Feb 202013
 
 February 20, 2013  Posted by  Tagged with: ,

As an Asian-American student at Duke, I have been asked my opinion about the K-Sig “Asia Prime” party by friends, professors, and even my grandmother from China.

Nevertheless, this is not a post on racism, Duke frat boys, or racist Duke frat boys. 

Rather, what I want to draw attention to are the flyers tagged with “#racistrager,” which used photos from the party itself. These pictures have gone viral on the internet.

A Duke Student complained on the Rally for an Inclusive Duke Facebook page (now shut down) that although the faces were whited-out, the Asian American Alliance’s decision to plaster the flyers all over campus and the internet harmed the individuals portrayed because they were still recognizable.

This brings me to my question: what are the acceptable limits of social shaming on the internet? Should we embrace social media as a form of vigilante justice? Here are four case studies for you to decide.

Case 1: Pastor gets into holy trouble

An irate pastor refused to tip 18% at an Applebee’s lunch following the Sunday service. On the receipt, she crossed out the mandatory gratuity for parties larger than 6, and wrote “If I only give God 10%, why do you deserve 18?”

The upset waitress showed her friend who then showed the world via Reddit. The result? A mortified pastor and an extremely angry public. Is this evil? Justified? Justified evil?

For the full article see click here.
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Case 2: Cameron Crazies are the devil

Following Duke’s alleged chant, “How’s your grandma?” at the game against NC State, an online jokester (or seriously offended NC State fan) created a White House Petition to label the Cameron Crazies as “a terrorist organization.”

See the petition here.

How seriously should this be taken? The number of signatures may attest to this…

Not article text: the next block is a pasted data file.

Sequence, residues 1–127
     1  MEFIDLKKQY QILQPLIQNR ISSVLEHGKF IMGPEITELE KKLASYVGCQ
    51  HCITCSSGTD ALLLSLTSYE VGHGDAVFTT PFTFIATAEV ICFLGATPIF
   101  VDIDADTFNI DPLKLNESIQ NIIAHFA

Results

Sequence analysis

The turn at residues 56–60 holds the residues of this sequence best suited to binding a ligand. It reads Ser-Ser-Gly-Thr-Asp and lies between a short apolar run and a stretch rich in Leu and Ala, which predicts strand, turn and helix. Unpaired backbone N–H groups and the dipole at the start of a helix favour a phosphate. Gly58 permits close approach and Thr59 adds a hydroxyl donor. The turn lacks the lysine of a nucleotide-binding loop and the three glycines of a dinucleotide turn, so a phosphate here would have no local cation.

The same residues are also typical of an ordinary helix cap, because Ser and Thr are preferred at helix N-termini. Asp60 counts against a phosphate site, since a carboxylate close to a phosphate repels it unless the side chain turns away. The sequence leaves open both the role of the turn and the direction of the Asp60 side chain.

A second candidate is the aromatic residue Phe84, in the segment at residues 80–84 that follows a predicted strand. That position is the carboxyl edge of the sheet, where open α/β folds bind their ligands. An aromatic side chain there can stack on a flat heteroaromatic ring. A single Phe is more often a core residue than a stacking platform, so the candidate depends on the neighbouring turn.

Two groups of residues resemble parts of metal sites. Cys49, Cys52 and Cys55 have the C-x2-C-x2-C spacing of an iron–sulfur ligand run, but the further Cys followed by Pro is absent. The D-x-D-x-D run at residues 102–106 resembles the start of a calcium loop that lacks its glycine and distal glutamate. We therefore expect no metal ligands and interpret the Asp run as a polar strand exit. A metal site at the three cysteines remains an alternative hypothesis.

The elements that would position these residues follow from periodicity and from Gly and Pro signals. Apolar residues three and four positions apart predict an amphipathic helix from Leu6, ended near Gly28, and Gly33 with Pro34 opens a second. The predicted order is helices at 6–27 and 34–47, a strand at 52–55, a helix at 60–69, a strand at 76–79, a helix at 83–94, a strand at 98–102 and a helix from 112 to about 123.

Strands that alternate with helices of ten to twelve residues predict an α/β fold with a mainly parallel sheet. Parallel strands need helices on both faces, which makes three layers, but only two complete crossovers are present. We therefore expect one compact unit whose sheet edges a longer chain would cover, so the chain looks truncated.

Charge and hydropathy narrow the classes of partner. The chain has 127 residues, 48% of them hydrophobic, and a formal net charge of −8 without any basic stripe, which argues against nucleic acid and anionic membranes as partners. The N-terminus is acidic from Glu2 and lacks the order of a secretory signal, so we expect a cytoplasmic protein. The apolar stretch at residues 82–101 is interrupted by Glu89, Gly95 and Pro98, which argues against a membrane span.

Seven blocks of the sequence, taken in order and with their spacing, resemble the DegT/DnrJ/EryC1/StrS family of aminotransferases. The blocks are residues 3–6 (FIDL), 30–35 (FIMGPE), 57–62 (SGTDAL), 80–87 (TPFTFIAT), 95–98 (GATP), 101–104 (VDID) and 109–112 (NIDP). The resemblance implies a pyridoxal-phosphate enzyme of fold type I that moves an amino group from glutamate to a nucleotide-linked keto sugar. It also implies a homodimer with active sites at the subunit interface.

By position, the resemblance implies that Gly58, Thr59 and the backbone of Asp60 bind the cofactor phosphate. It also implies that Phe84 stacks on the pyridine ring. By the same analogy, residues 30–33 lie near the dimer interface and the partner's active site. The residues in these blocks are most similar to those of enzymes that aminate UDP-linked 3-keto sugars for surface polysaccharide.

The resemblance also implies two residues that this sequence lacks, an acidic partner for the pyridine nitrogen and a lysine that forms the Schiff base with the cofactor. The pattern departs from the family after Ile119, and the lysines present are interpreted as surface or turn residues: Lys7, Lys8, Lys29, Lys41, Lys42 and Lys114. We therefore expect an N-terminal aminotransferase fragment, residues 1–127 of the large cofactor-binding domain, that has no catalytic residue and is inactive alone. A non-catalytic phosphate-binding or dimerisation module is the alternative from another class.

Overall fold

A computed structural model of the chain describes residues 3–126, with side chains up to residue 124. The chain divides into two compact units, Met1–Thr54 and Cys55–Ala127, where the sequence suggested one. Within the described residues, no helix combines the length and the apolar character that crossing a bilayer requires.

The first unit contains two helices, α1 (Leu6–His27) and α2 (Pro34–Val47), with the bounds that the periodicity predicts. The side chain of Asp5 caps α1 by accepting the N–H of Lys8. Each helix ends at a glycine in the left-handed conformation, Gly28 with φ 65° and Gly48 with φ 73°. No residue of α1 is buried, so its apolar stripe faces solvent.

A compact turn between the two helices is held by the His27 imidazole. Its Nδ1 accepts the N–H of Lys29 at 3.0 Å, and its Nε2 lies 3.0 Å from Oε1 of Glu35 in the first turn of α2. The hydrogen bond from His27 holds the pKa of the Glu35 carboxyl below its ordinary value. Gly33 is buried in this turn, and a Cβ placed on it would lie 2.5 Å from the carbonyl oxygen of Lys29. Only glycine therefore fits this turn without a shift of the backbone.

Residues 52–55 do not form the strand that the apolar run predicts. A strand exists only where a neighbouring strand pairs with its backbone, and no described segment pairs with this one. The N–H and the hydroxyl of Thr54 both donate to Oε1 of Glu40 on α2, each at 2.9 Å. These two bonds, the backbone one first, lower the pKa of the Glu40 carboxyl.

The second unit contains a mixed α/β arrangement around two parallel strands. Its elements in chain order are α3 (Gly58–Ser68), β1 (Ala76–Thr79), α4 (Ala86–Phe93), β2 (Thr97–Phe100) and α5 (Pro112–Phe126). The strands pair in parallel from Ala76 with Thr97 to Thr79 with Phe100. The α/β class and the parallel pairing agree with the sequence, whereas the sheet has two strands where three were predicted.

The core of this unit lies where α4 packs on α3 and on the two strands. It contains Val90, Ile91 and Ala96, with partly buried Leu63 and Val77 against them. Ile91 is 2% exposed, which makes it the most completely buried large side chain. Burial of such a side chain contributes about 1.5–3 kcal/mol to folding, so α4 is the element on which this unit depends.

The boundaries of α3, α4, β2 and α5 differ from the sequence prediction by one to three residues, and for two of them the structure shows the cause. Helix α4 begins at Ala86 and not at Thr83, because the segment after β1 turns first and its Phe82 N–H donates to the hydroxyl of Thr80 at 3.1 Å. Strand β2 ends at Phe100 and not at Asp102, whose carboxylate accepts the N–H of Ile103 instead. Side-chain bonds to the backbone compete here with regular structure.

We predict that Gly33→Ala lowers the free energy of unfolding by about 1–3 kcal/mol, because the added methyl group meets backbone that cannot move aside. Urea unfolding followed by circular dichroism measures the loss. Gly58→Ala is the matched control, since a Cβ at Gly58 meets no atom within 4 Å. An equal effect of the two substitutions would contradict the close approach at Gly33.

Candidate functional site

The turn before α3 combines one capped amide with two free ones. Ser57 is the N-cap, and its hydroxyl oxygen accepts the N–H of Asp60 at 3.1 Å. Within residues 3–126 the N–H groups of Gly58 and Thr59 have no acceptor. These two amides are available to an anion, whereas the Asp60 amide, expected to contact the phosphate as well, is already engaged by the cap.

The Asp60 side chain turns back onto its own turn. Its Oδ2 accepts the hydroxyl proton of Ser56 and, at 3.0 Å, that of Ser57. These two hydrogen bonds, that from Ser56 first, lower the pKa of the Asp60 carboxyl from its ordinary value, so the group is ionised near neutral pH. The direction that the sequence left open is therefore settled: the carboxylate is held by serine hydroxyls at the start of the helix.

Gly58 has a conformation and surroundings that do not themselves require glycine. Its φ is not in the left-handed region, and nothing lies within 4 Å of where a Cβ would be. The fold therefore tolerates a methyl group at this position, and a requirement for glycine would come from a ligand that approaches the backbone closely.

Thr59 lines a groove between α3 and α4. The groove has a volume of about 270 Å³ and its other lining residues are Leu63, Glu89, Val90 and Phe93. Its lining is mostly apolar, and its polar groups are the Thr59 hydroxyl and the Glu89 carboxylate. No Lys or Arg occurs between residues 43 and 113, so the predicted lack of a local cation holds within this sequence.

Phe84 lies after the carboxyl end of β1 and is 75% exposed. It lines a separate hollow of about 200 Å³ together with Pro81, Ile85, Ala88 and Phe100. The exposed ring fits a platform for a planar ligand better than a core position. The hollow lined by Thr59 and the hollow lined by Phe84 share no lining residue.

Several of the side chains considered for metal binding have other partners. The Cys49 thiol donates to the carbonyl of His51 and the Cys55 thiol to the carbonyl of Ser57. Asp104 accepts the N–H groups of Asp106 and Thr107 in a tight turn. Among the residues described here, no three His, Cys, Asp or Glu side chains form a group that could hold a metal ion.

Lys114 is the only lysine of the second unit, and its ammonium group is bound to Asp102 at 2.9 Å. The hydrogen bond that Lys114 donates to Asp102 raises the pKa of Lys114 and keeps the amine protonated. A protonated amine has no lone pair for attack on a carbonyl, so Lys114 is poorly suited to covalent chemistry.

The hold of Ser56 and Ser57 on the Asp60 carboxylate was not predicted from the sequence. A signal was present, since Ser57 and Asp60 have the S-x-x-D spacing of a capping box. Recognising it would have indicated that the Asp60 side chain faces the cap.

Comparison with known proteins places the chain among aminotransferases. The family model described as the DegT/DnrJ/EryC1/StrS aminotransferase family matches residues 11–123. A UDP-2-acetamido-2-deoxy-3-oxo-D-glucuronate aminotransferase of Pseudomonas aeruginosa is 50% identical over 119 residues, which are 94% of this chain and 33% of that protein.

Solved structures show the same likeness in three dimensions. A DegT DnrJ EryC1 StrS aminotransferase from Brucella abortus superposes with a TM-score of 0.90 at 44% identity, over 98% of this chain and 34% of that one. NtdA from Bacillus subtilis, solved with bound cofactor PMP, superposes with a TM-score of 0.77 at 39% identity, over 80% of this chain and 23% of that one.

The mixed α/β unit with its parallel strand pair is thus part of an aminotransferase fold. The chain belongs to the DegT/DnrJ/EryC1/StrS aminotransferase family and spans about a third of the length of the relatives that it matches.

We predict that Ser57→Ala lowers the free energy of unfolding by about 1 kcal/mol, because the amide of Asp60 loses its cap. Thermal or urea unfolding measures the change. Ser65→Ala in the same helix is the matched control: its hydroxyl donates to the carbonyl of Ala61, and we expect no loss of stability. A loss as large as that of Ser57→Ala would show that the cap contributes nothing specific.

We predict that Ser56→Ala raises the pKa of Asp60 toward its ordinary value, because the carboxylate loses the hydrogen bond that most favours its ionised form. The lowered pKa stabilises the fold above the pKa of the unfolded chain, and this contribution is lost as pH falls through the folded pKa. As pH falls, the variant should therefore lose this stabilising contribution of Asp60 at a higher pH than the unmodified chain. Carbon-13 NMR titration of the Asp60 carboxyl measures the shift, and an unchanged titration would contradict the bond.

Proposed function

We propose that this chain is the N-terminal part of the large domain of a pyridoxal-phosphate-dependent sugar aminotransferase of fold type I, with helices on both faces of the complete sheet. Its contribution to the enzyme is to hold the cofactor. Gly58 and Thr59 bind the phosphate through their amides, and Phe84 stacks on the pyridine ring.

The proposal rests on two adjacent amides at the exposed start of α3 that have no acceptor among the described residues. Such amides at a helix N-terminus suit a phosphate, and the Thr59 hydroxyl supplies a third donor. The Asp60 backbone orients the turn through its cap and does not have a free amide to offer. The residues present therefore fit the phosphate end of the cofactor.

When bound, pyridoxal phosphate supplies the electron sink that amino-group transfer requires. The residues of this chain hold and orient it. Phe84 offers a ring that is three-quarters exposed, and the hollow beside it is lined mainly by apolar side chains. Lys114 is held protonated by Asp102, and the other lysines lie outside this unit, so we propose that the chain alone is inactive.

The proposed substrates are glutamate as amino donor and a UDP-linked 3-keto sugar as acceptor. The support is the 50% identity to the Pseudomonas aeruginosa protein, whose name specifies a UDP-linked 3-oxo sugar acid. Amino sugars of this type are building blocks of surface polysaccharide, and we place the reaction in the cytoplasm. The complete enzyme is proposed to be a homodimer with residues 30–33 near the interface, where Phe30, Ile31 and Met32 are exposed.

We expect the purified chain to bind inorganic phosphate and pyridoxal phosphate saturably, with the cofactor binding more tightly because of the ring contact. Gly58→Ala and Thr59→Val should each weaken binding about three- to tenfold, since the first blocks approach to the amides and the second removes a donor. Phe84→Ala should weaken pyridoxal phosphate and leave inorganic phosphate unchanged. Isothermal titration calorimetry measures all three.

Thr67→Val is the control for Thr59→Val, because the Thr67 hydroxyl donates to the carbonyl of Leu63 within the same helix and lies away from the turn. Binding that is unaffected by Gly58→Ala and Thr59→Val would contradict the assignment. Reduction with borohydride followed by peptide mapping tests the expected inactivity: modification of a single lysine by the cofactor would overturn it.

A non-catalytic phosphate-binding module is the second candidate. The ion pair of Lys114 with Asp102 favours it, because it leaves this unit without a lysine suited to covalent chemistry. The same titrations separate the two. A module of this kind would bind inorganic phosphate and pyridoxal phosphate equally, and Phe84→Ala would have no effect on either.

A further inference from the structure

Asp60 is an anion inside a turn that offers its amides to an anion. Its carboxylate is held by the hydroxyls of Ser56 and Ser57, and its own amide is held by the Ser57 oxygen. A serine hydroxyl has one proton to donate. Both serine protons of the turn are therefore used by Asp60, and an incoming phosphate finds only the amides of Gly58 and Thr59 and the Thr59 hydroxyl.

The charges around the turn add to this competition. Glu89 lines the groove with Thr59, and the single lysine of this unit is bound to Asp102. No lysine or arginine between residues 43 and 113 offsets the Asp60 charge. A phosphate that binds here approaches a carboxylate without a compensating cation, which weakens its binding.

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Case 3: Creeper Patrol on New York Subway

The organization, Hollaback, seeks to empower women and to combat sexual harassment. On this page, women are encouraged to post about their encounters, and other members provide support by clicking the button, “I got your back!”

Recently, some women, in addition to posting about their experience with sexual harassment, have taken pictures of their harasser.

Is this form of public shaming empowering? Is the internet an appropriate avenue to hold these men accountable?
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Case 4: Hey girl girl, did you know… about “Slut Shaming”?

Recently, a new meme condemning “slutty behavior,” has gone viral.

The original post, “Hey Girl, did you know…boobs go inside your shirt,” elicited thousands of imitation posts with candid pictures of “slutty girls” captioned with snide remarks. The Facebook Page has since been shut down.

Is this social satire, or cyber bullying? NPR (and public opinion) agree with the latter.

In the age of social media, the internet has become an instrument to deal with our everyday woes and injustices. Although powerful, the internet is a double edged sword. How we use this vigilante justice should be a concern for all.
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Leave a comment on which case you find justified or unjustified!

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